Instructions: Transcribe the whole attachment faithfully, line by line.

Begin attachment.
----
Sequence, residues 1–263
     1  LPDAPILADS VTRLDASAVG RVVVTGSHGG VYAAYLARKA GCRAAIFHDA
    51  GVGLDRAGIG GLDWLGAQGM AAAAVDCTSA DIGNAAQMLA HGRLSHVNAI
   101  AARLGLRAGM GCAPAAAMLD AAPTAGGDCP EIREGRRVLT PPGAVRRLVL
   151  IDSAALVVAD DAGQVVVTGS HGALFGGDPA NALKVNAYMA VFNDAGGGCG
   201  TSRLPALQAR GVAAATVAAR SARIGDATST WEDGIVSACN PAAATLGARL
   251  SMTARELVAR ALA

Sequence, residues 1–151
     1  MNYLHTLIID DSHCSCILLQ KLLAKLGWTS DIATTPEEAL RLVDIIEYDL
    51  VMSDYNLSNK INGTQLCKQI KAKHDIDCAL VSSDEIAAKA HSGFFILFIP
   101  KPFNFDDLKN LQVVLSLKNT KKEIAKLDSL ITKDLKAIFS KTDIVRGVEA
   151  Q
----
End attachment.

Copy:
Sequence, residues 1–263
     1  LPDAPILADS VTRLDASAVG RVVVTGSHGG VYAAYLARKA GCRAAIFHDA
    51  GVGLDRAGIG GLDWLGAQGM AAAAVDCTSA DIGNAAQMLA HGRLSHVNAI
   101  AARLGLRAGM GCAPAAAMLD AAPTAGGDCP EIREGRRVLT PPGAVRRLVL
   151  IDSAALVVAD DAGQVVVTGS HGALFGGDPA NALKVNAYMA VFNDAGGGCG
   201  TSRLPALQAR GVAAATVAAR SARIGDATST WEDGIVSACN PAAATLGARL
   251  SMTARELVAR ALA

Sequence, residues 1–151
     1  MNYLHTLIID DSHCSCILLQ KLLAKLGWTS DIATTPEEAL RLVDIIEYDL
    51  VMSDYNLSNK INGTQLCKQI KAKHDIDCAL VSSDEIAAKA HSGFFILFIP
   101  KPFNFDDLKN LQVVLSLKNT KKEIAKLDSL ITKDLKAIFS KTDIVRGVEA
   151  Q